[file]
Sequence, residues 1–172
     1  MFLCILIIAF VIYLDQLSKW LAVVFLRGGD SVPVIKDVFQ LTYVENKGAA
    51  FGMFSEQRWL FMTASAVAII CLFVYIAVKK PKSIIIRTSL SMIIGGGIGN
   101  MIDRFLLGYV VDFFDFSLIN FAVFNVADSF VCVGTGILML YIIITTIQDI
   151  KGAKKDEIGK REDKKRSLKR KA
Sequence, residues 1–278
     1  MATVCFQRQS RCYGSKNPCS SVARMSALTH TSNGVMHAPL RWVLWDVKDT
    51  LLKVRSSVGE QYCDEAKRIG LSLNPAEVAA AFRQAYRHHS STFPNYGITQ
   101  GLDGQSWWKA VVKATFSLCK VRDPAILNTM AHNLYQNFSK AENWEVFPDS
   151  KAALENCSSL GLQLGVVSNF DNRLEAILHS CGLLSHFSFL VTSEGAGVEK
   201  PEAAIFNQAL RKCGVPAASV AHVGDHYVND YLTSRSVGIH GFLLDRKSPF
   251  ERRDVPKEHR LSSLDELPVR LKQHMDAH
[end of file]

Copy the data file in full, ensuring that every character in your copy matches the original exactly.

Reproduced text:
Sequence, residues 1–172
     1  MFLCILIIAF VIYLDQLSKW LAVVFLRGGD SVPVIKDVFQ LTYVENKGAA
    51  FGMFSEQRWL FMTASAVAII CLFVYIAVKK PKSIIIRTSL SMIIGGGIGN
   101  MIDRFLLGYV VDFFDFSLIN FAVFNVADSF VCVGTGILML YIIITTIQDI
   151  KGAKKDEIGK REDKKRSLKR KA
Sequence, residues 1–278
     1  MATVCFQRQS RCYGSKNPCS SVARMSALTH TSNGVMHAPL RWVLWDVKDT
    51  LLKVRSSVGE QYCDEAKRIG LSLNPAEVAA AFRQAYRHHS STFPNYGITQ
   101  GLDGQSWWKA VVKATFSLCK VRDPAILNTM AHNLYQNFSK AENWEVFPDS
   151  KAALENCSSL GLQLGVVSNF DNRLEAILHS CGLLSHFSFL VTSEGAGVEK
   201  PEAAIFNQAL RKCGVPAASV AHVGDHYVND YLTSRSVGIH GFLLDRKSPF
   251  ERRDVPKEHR LSSLDELPVR LKQHMDAH